Pace already has been about the business of giving himself the option of going after best-possible rather than simply waiting, staying with the draft board and selecting best-available.

The Bears were among the NFL’s most active teams in free agency. That has taken care of some “quantity” issues (cornerback, wide receiver, tight end), with an eye toward freeing the draft for the pursuit of true excellence, something too few Bears drafts have managed to secure (which is how teams miss playoffs nine times in 10 years and find themselves on third different GMs and coaches in the span of six years).

As he has always had within the context of the overall direction of the football franchise, Pace has a draft plan. More specifically, he also has a structure within which to execute that plan.

Draft “bands”

Besides an overall top-to-bottom ranking of players, the Bears establish various “bands” of players they identify as being worth a pick at a certain spot. Not all players in the band are graded equally, and the Bears may move to trade up if a significantly higher-graded players in the band is within reach, or if they fear other teams leap-frogging them to grab a targeted player.

But the bands allow the Bears to weigh trading back and still being able to select one of the talents in that band. With the Bears sitting at No. 3 this year, the first band in this draft will be a small one.

“We’ll have an elite group of names that we’re confident will be there [at No. 3],” Pace said at the recent owners meetings. “Three names, yeah. But beyond that, [we say,] ‘OK, there’s some pretty good depth in this draft, too, so are there scenarios’ — and it’s easier said than done — ‘where we can trade back.’ Those things’ll be discussed.”

[VIVID SEATS: Get your Bears tickets right here!]

They’re being discussed right now. The phone in Pace’s Halas Hall office has been increasingly active the past couple weeks — calls ingoing and outgoing — and will become more so this week as the Bears and most of the NFL take the temperatures of trade ideas going into the start of the draft Thursday night. It happens every year about this time: general managers looking to satisfy sometimes-conflicting objectives, one of adding draft picks via trades down where possible, and the other of adding best-possible players, sometimes necessitating trades of picks or players to move up.

For the Bears, this year is a bit out of the ordinary, if only because they hold the No. 3-overall pick in a draft considered extremely talent-rich at certain positions and extremely less so at others. Loosely put, a position such as cornerback is rated deep enough that quality starters can be had even down into the fourth round, so teams likely need not trade up to land a blue-chipper. Conversely, the quarterback position, the one most often targeted for round-one trades up, is short of consensus elites, so again, teams are less likely to trade up to secure one.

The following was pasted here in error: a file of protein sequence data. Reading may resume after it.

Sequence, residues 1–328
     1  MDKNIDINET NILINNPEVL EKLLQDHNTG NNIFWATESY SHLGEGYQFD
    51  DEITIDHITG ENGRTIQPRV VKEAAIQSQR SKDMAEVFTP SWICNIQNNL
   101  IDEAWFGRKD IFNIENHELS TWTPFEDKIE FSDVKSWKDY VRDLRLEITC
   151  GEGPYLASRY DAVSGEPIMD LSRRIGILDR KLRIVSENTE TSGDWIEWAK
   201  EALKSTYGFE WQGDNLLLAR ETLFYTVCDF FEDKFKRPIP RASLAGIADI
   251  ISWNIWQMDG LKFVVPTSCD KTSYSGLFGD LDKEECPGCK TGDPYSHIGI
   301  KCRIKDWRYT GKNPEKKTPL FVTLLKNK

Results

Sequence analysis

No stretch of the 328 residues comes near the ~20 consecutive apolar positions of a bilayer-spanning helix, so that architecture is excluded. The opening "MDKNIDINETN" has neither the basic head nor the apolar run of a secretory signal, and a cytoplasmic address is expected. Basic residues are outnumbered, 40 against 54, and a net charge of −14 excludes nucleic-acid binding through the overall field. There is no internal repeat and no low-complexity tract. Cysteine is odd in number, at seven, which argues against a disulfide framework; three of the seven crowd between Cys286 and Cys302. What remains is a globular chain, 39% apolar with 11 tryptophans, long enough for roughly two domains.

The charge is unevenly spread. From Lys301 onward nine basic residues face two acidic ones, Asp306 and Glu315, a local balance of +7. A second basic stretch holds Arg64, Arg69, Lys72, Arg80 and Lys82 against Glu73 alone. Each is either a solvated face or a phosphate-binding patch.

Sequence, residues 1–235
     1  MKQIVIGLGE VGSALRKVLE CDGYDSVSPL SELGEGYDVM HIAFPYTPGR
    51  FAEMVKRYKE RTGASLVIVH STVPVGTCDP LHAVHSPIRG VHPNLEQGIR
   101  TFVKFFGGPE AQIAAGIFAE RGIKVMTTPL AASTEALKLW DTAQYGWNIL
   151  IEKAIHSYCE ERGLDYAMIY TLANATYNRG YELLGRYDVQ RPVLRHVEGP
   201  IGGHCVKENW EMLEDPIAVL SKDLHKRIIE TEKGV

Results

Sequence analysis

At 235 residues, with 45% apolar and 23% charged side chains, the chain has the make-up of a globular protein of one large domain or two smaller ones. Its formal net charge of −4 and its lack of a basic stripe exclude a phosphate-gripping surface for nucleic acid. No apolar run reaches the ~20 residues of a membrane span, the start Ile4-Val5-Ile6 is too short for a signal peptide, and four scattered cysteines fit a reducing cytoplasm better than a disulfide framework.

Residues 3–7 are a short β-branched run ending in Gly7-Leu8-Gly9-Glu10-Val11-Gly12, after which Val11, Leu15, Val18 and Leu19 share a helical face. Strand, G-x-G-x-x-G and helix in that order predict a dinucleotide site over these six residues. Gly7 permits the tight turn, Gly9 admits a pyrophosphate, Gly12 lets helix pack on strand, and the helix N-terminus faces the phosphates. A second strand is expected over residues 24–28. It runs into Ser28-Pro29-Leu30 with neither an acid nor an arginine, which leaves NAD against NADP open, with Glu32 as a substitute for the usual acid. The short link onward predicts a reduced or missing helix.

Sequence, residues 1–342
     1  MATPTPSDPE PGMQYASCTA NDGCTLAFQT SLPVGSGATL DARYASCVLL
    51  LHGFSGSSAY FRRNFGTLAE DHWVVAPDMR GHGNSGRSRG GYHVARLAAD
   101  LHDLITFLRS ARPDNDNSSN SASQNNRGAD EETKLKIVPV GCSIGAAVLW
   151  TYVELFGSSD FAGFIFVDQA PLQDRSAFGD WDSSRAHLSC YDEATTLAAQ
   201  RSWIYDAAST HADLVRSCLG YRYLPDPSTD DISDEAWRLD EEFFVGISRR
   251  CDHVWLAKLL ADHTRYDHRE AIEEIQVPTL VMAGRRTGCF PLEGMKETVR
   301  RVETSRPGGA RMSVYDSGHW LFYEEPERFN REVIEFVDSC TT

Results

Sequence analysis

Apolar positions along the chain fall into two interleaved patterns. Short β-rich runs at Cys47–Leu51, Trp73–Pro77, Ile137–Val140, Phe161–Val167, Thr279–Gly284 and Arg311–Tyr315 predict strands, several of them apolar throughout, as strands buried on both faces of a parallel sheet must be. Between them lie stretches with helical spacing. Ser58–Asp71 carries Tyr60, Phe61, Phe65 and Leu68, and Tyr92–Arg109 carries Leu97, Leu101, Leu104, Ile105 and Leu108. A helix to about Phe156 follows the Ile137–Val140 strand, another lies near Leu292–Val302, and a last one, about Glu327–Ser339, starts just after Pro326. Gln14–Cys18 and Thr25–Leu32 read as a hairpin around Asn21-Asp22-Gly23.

The Bears are in position to select a franchise quarterback but opinions vary widely on whether there are clear ones to be had as high as where the Bears draft, as the order now stands. Pace, who established last year his willingness to trade up for what he considers “elite,” is like any other personnel executive in wanting more selections.

The Bears do not want to slip out of a band entirely. When they sat with No. 7 in the 2015 draft, the Bears identified a quiver of eight players deemed worth the seventh-overall pick. Those ranged from quarterback Marcus Mariota to wide receiver Amari Cooper to defensive lineman Leonard Williams, and included Kevin White, one of two from the eight not already selected by that point.

Because the goal was a player judged to be elite, trading down was not a realistic option because of the risk of getting none of their targets and instead settling for the next, lower tier of prospects.

Dealing with market forces

But what will the market allow this time? 

“Yeah, and based on the talent of the guys in those bands, what it would require for us to go back?” Pace said. “Those things are all being talked about and studied now, and we’ll keep on fine-tuning it.

“But you’ve got to have a partner willing to do that, too.”

Pace has been a willing partner for trades either up or down, sometimes in the same draft.

Last year, holding the 11th pick, the decision was made to trade up to No. 9 because of their grade on Georgia edge rusher Leonard Floyd, and the concern that either the New York Giants would take Floyd at No. 10 or another team would leap-frog the Bears and grab him. The Bears wanted a pass rusher and the falloff from Floyd was viewed as significant. Clemson’s Shaq Lawson was the next edge rusher taken (No. 19), he was less the speed player that Floyd was, and concerns about Lawson’s shoulder issues proved valid, requiring offseason surgery that cost him most of his rookie season.